Photo: NASA Goddard Photo and Video, Flickr, CC
The scene is set in a dark, foreboding world. A full 50% of the incoming Congressmen have made public comments asserting that global warming is not caused by man -- if it's even happening at all. Large swaths of the public continue to believe that humans have nothing to do with climate change. News outlets parrot information from sources that deny climate science. All seems to be lost. But fear not. Enter the Climate Science Rapid Response Team.Recognizing that a lack of good, publicly available info on climate may be partly to blame for the public's acceptance of such misinformation, a number of climate scientists are aiming to keep the public abreast of the latest developments in climate science.
The group's first release explains who they are and what their mission is:
The CSRRT is a match-making service between top scientists and members of the media and office holders and their staffs from various levels of government. Our group consists of dozens of leading scientists who wish to improve communication about climate change. The group is committed to providing rapid, high-quality information to media and government officials. Our members have expertise in virtually all areas of climate science and they are available to share their current understanding in a fairly rapid time frame.The CSRRT was organized by Dr. John Abraham, the scientist famous for penning the comprehensive take down of Lord Monckton's traveling climate denial talk. Perhaps that affair clued him into the widening knowledge gap between climate scientists and the public, and impressed upon him the need to get good information out there. Here's the rest of the mission statement:
HOW IT WORKS: Inquirers will use the form on the Website to identify themselves and to send their questions along with the desired timeframe of the response. That information will immediately be sent to three people: Dr. John Abraham, Dr. Ray Weymann, and Prof. Scott Mandia. These three "match-makers" will immediately notify up to three scientists with the most appropriate expertise. One scientist or one of the three CSRRT match-makers will then respond directly to the inquirer with the correct science information.This sounds like a fantastic service, and we can only hope that major media outlets -- which have by and large been dropping the ball, big time, on climate change coverage -- will take advantage of the resource. It could especially be an invaluable service for fact-checking, and may help keep outlets from running untrue quotes or assertions about climate change made by politicians, pundits, or skeptics. Godspeed, Climate Science Rapid Response Team.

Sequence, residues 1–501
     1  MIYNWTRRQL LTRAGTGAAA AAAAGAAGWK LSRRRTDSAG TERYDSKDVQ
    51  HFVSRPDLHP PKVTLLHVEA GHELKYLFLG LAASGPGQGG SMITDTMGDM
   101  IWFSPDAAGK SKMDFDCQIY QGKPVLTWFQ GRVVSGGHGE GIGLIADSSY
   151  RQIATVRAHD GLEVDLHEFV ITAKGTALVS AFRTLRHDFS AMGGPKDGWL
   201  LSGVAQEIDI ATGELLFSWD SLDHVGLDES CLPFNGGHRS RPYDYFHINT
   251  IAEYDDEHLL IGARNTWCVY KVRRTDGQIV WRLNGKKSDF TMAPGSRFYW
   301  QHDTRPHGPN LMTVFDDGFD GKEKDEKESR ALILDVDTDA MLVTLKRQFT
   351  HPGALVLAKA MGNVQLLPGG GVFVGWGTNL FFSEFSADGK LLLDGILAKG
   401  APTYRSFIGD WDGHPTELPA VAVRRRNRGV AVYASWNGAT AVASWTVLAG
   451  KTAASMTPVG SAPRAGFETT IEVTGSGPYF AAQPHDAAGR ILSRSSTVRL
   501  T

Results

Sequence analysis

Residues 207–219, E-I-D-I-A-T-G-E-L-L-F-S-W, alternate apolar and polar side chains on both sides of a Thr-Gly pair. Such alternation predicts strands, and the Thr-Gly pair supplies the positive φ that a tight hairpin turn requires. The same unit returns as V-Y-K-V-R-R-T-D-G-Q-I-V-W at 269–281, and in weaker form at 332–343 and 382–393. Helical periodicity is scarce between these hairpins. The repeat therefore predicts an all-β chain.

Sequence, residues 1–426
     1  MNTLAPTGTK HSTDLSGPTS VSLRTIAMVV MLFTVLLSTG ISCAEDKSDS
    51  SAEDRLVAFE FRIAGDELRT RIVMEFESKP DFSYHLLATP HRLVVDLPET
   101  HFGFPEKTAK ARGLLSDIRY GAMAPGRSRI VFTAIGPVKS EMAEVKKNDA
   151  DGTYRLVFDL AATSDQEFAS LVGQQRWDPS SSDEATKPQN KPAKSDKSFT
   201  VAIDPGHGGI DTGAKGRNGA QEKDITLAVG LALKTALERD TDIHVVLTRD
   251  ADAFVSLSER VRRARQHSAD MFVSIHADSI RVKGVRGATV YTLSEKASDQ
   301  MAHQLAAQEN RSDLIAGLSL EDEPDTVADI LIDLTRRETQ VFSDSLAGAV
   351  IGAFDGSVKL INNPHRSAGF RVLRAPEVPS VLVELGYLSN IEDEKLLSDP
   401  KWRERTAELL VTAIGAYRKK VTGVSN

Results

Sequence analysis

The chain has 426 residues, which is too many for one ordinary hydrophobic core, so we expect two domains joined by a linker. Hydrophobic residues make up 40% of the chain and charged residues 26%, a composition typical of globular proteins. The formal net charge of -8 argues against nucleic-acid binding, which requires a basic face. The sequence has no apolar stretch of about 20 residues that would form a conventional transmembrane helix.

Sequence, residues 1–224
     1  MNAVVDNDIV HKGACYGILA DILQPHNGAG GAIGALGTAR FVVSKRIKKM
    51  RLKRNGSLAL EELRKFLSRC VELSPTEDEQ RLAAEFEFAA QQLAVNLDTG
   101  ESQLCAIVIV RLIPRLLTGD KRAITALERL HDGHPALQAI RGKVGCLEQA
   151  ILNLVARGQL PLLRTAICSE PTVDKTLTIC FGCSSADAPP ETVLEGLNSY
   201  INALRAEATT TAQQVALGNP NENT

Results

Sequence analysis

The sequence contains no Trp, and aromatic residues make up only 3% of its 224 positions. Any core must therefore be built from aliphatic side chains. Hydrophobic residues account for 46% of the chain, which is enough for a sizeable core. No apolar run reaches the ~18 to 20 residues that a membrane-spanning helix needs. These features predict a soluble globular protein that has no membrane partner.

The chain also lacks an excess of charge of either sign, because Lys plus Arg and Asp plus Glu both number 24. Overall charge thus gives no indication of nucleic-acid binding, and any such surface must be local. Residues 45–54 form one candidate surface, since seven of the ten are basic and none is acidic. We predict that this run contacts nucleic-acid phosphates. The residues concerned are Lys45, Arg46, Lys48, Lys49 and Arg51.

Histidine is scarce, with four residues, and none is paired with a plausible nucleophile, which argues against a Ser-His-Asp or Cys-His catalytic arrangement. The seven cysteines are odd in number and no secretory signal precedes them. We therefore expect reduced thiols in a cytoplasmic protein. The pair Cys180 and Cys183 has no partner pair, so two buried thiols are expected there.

WHY WE DO IT: There is a sharp divide between what scientists know about climate change and what the public knows. The scientists of the CSRRT understand that better communication can narrow this gap. The media is in the best position to deliver accurate science information to the general public and to our elected leaders but only if they are provided with that information. The CSRRT is committed to delivering that service We are advocates for science education.